Fishing-spider. I think.

I think this must be the same kind of spider which featured in an earlier post. This one wasn’t as large, although still quite big. It was sheltering on the underside of one of the paddle-boards.

20220815_172630
The small ball is the silken egg-sac which the spider has carried around, until her brood hatched. You can see her tiny offspring here too.
Hanging Around II

Ampersand Mountain

Adirondacks Day 9

20220814_131438
TBH on Ampersand Mountain.

Time for another family hike.

We parked in the same place as we had for our first swim from Ampersand Beach. The route was very straightforward – up and back on a well-marked trail.

Initially, the going was fairly level, and the path crossed several small streams.

20220814_112047
One of three rickety bridges on the path.

The bridges seemed a bit superfluous, but I suspect that, at other times of the year, the streams have a great deal more water in them.

20220814_120043
Toadstool.

Eventually, the gradient rapidly increases and in some places the going was very steep…

20220814_124716
Steep and rocky.
20220814_124720
TBH on tree-root steps.
20220814_125316
Tantalising glimpses.

As we approached the top, there were glimpses through the trees of the views to come.

20220814_125327
Large fungi.

Also, close to the top, there is a jumble of huge boulders, which were too much to resist for the DBs (it’s fair to say that the DBs ranks had swollen to five)

20220814_130138
Clambering on huge boulders.
20220814_130342
The path skirts beneath one of the boulders.

At one point, there was a very small rock step, maybe 10′ at most, which had to be climbed. TBH and I used tree roots again. It can’t have been that difficult – Prof A had challenged the DBs to get to the top without using their hands and they managed it some how.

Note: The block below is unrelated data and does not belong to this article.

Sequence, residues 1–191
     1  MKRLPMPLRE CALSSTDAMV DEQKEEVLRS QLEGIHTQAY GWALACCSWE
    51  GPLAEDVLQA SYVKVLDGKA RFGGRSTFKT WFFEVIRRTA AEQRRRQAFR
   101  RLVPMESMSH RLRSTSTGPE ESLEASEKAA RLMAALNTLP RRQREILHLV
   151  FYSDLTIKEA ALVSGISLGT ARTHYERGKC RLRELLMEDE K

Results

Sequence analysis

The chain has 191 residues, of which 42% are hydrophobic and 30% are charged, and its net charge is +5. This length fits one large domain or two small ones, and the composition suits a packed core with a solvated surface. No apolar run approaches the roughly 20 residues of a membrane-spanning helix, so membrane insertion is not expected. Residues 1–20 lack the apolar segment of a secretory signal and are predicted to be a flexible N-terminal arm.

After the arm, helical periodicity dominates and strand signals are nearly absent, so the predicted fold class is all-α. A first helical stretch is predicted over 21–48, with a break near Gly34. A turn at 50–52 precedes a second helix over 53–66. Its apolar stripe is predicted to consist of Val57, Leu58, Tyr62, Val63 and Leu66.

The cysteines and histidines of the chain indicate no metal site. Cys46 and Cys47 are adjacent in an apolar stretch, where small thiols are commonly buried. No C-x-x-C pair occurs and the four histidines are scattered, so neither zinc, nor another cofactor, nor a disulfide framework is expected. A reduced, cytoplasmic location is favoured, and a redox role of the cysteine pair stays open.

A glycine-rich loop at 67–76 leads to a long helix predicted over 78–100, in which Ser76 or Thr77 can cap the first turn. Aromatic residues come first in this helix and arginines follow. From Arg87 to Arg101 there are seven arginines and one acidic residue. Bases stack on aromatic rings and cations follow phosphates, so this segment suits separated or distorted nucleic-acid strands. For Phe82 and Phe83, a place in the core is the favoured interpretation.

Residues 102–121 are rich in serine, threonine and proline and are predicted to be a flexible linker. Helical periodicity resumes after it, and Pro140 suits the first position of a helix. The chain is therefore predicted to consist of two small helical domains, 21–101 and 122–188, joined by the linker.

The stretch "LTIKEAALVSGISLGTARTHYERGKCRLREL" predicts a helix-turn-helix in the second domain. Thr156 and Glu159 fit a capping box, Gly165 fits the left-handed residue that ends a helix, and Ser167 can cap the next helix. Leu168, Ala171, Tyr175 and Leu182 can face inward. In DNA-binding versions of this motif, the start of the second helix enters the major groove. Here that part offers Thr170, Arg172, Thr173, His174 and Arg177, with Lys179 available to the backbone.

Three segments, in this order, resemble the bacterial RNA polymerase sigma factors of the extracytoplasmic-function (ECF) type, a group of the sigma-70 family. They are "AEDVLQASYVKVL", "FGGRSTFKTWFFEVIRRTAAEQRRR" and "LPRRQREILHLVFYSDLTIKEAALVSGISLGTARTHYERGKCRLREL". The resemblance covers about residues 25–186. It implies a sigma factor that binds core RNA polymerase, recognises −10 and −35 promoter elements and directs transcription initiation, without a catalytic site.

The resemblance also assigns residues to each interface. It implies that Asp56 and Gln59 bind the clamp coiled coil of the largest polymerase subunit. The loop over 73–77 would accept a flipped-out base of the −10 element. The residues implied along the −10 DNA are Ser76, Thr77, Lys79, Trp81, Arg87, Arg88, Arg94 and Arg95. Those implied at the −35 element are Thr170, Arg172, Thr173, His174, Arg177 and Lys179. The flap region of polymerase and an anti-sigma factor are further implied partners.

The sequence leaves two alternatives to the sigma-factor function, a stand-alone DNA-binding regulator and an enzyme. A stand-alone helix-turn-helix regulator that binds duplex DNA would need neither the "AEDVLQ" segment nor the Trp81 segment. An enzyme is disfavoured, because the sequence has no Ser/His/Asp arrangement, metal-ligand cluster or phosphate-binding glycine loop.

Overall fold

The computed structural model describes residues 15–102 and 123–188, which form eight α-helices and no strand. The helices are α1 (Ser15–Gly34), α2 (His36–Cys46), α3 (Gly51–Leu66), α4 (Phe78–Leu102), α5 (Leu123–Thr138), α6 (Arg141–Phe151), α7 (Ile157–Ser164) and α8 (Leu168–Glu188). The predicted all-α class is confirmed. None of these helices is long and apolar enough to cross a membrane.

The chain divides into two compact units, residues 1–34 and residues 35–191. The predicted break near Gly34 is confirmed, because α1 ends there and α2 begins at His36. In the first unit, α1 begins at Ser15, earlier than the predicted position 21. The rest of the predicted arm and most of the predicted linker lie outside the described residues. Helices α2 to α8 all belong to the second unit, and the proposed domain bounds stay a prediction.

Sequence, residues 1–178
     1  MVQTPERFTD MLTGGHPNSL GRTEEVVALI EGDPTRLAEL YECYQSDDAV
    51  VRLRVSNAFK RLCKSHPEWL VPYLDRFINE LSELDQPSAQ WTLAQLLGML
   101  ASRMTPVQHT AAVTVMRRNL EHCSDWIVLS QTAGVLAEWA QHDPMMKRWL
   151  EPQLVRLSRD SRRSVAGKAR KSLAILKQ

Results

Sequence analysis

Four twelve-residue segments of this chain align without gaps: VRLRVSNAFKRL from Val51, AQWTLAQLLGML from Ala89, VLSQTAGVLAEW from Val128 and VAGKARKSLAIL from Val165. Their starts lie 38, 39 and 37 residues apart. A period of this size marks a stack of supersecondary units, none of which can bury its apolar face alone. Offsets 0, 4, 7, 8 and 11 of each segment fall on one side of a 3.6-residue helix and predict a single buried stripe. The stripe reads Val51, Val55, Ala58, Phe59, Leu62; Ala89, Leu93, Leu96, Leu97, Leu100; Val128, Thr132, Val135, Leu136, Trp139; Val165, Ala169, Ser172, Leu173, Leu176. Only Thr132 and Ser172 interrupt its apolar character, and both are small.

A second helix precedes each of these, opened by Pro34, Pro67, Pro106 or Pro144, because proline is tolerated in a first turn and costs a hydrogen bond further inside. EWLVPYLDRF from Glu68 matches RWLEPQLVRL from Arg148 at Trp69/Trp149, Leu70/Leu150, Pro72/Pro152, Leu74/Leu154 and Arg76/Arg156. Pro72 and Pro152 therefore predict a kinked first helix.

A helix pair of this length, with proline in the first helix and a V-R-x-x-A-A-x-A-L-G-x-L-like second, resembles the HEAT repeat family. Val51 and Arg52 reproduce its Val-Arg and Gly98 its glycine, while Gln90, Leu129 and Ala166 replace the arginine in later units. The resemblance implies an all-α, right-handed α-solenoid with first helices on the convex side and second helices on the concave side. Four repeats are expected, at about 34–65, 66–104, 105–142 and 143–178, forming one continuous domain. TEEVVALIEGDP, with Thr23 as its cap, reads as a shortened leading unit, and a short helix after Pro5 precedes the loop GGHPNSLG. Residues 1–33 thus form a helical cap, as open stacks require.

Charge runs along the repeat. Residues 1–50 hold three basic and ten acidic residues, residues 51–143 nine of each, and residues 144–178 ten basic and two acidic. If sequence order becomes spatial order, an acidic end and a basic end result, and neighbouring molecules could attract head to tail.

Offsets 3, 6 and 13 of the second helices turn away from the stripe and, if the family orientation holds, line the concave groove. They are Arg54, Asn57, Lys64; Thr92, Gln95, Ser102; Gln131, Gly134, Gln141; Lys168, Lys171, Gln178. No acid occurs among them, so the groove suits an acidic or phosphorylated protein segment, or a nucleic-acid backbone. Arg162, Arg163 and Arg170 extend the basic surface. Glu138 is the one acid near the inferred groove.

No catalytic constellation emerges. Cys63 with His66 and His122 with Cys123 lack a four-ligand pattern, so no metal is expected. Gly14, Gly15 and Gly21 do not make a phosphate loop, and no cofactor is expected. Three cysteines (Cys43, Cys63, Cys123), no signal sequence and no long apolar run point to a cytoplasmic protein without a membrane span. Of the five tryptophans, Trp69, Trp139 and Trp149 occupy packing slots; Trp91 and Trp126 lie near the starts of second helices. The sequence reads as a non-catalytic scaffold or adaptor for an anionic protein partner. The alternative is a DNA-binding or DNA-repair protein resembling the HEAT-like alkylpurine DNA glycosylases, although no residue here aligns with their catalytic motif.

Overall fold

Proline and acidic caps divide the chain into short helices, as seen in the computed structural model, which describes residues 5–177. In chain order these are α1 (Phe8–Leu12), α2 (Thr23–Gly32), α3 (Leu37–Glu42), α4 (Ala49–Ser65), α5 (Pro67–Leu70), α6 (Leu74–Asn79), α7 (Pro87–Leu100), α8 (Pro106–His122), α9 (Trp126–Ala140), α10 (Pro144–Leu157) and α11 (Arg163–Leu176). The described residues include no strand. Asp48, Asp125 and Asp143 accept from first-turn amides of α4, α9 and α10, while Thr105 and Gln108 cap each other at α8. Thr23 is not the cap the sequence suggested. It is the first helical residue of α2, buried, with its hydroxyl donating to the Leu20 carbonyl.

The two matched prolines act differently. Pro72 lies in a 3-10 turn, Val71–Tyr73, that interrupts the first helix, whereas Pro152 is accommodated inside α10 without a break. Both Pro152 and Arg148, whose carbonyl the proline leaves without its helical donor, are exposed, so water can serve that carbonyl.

20220814_131302
The last part of the ascent.

The final part of the climb was steep and rocky again, but still just a walk.

20220814_131811
The view over the Saranac Lakes.

The views were amazing. I think that this was the day when Prof A pointed out the Green Mountains in Vermont. In honesty, I’m not sure how far away they are, but it felt like we could see forest, lakes and mountains stretching on for ever.

20220814_131814
More views.
20220814_131834
Pano.

It was really pretty warm in the sunshine. Too much so for Coco, who doesn’t generally seem to be very fond of water, but clearly needed to cool down on this occasion…

20220814_132812
Coco cooling off.

Ampersand has a second top and Prof A was keen to head that way for a quiet lunch spot. We could see that there was nobody on the other top, but to get there we had to drop down another small rock step. I was confident I could get down safely, but not at all sure I would drag myself back up again, so, unfortunately, had to veto that plan.

20220814_133103
Lunch stop.

Still, our lunch stop had great views.

20220814_134328
Another Pano.
20220814_134456
Ampersand Lake. Seymour Mountain, Seward Mountain and Donaldson Mountain beyond.

Ampersand Lake supposedly resembles an ampersand sign. I can’t see it myself.

South of the lake lie four of the 46. They look very remote, but apparently they can all be knocked off in one day by keen baggers.

20220814_134526
Ampersand Lake pano.
20220814_151401
Retracing our route.
20220814_155745
Another rickety bridge.